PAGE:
what rear light for night riding?
need a new rear light for the MTB for night rides as there’s a few road sections on a a couple of my regular loops. have managed to ‘misplace’ my old one since last year and can’t for the life of me remember what it was.
quick look at CRC / Wiggle throws up many many choices, so is there a go to light that people are using or is it much of a muchness for what i want?
ideally easy secure clamp to seatpost / seat tube that can be angled / pivotted so light isn’t just shining on tyre, rechargeable with decent run time, c £25.
any notable suggestions
TIAPosted 1 week ago
Got one of these as a free gift from a mag subscription about 7 or 8 years ago, utterly bombproof.
https://www.probikekit.co.uk/cycling-accessories/lezyne-zecto-drive-80-rear-light/11509363.html?affil=thggpsad&switchcurrency=GBP&shippingcountry=GB&variation=11509364&shoppingpid=DDUK_180118_&&thg_ppc_campaign=71700000071420485&gclid=CjwKCAjwzIH7BRAbEiwAoDxxTnWSa4jx4i4A0e5a4wBHFx2rKJqfosXstAPJhUbsw6XfKau3q7Q0choCy8YQAvD_BwE&gclsrc=aw.dsPosted 1 week ago
This is my current favourite rear light, 6 hours on bright flash (which is very bright) and weights only 40g. Fits securely on seat posts.
Posted 1 week ago
I’m a big fan of the moon range of rear lights – they have interchangeable mounts, and the lights come with a range of mounts (saddle rails, seat post and bag clip)
I tend to have a shield as my standard light, mounted on the saddle rails then a smaller backup in my pack just in case.Posted 1 week ago
I have the previous version of that Lezyne nobeer posted above which is still going strong and is only on its second battery. Fitted it again last night ready for another winter.Posted 1 week ago
I have one on the back of my lid. I lost too many off the back of my pack tossing it around and the seat post mounted ones get hammered with wet and mud that reduces life and effectiveness and they don’t play so well with droppers. Plus I have two bikes so I don’t have to swap (minor point).Posted 1 week ago
If you run an Exposure front light, the Redeye is good – takes power from the front light so one less thing to charge or run out.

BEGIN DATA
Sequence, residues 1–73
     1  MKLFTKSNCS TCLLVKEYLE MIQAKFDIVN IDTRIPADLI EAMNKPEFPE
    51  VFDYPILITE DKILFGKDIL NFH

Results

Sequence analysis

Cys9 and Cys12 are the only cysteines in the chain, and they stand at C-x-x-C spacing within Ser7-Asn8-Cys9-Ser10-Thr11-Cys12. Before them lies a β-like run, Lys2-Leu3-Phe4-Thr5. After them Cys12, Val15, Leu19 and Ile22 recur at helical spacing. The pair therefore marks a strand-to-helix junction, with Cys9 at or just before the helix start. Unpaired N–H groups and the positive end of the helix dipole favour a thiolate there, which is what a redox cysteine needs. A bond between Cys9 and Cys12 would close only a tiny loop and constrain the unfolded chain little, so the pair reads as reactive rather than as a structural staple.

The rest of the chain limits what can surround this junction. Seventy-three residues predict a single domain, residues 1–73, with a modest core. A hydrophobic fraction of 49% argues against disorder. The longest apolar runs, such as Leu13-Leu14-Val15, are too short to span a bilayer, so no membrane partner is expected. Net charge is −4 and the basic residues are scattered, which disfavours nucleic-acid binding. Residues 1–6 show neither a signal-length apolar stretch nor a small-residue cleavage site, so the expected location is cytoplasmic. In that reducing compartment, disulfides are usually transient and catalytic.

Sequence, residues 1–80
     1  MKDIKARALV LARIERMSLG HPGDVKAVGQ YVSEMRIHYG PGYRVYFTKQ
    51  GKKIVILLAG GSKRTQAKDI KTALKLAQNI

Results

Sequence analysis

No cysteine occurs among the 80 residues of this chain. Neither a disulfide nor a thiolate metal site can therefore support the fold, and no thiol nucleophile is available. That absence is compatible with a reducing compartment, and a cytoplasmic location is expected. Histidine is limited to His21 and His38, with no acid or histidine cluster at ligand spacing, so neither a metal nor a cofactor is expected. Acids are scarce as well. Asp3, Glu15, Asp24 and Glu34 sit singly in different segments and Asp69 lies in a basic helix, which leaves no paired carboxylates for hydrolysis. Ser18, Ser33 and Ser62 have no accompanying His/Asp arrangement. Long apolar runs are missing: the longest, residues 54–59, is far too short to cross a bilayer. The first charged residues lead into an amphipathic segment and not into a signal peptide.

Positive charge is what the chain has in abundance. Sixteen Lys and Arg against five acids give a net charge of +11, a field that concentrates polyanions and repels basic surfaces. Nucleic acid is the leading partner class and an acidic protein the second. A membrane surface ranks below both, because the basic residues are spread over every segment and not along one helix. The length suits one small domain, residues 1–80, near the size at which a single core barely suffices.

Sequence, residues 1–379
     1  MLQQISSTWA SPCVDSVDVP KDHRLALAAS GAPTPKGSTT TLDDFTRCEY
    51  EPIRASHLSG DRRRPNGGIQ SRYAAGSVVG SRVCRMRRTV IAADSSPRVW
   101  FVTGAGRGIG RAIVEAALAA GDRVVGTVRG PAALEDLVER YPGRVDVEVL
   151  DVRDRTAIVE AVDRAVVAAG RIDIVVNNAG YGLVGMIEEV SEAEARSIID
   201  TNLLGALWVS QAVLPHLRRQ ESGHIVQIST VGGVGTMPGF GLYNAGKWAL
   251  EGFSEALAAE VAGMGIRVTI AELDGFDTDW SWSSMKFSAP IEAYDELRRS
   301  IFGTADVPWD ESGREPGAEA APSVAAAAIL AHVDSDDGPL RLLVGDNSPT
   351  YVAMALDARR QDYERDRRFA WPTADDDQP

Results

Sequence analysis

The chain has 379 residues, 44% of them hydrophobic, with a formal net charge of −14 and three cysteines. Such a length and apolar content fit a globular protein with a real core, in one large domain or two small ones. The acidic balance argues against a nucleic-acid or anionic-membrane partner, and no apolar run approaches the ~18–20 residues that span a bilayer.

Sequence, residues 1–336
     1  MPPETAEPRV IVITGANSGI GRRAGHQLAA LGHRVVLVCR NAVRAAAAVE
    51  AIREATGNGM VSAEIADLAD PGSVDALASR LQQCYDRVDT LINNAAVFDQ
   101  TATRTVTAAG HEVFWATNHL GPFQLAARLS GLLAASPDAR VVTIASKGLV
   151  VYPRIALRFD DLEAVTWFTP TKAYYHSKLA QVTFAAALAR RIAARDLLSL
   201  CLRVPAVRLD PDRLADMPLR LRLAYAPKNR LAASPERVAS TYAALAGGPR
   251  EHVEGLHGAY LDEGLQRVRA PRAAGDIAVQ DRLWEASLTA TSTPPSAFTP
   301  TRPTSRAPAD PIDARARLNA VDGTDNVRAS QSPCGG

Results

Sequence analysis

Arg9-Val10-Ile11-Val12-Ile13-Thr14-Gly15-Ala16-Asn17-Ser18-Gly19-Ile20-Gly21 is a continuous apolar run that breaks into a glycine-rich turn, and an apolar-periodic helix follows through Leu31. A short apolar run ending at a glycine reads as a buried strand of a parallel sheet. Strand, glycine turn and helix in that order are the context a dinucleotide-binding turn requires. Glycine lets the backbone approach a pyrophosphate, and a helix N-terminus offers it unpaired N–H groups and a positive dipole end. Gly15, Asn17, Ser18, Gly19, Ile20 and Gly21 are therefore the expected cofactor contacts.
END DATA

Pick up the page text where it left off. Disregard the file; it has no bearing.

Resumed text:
Else I like the round Lezynes, for road riding the mode where it keeps one steady and flashes the other two is really nice.Posted 1 week ago
do those lezyne lights have anyway of angling them? i have a set of there small emergency lights that fix with the band system, problem being that with a relatively slack set tube angle and a fat kancker sagging the suspension, the light end up angled toward the tyre and not where driver can see it mostPosted 1 week ago
Tbh I’ve never needed too, it’s bright enough that the angle down on a FS is still good. Mine is probably the same as Yetimans, can be a front or a rear light.Posted 1 week ago
I use a See.sense on the road, but if I wanted a light for occasional night ride use – I’d just get a Phaart from Planet X – £3/£4 I’ve got a couple of them, just as good as any other if you don’t mind sticking new Energizers in them each winter.Posted 1 week ago
@sofaboy73 – same as nobeer. It angles down a bit but it is still very visible.
I also just remembered the rear light on my daughters hardtail is a Lezyne and it has a slightly angled bracket to offset the seat tube angle. I just googled and it’s the Femto model…
The correct answer is 2 lights.
I use one of those Lezyne lights on my seatpost (the band will fit round the collar of a dropper) and a second cheapo Smart clipped to my jacket or camelbakPosted 1 week ago
an exposure traceR for £30 (tredz £5 of £30) cannot be beaten if in direct aim of the rear tyre mud and water, i’ve got 2 use them all year round and day and night, mounts are £7-9, so depending on usage well worth it.
i also have the redeye microlight plugged into the back of my joystick/axis headtorch for mtbing.
as others have said the moon lights are great tooPosted 1 week ago
on my gravel drops i have a moon aerolite £20, includes a flashing rear light, the Moon Ring is great to clip on a backpack out the way of mud and wet, as my first one warranty replaced as it breaks..
OP I have the same problem with my Lezyne strip-drive rear-light. Fine on my retro rides but anything modern with slack angles (my 29er for instance) means it’s not operating as intended and is less visible especially as an early-warning at distance. It can still be seen by other road-users in the pitch black even when pointing at the tyre – but in urban or lightly-lit semi-rural settings it doesn’t have that piercing distance.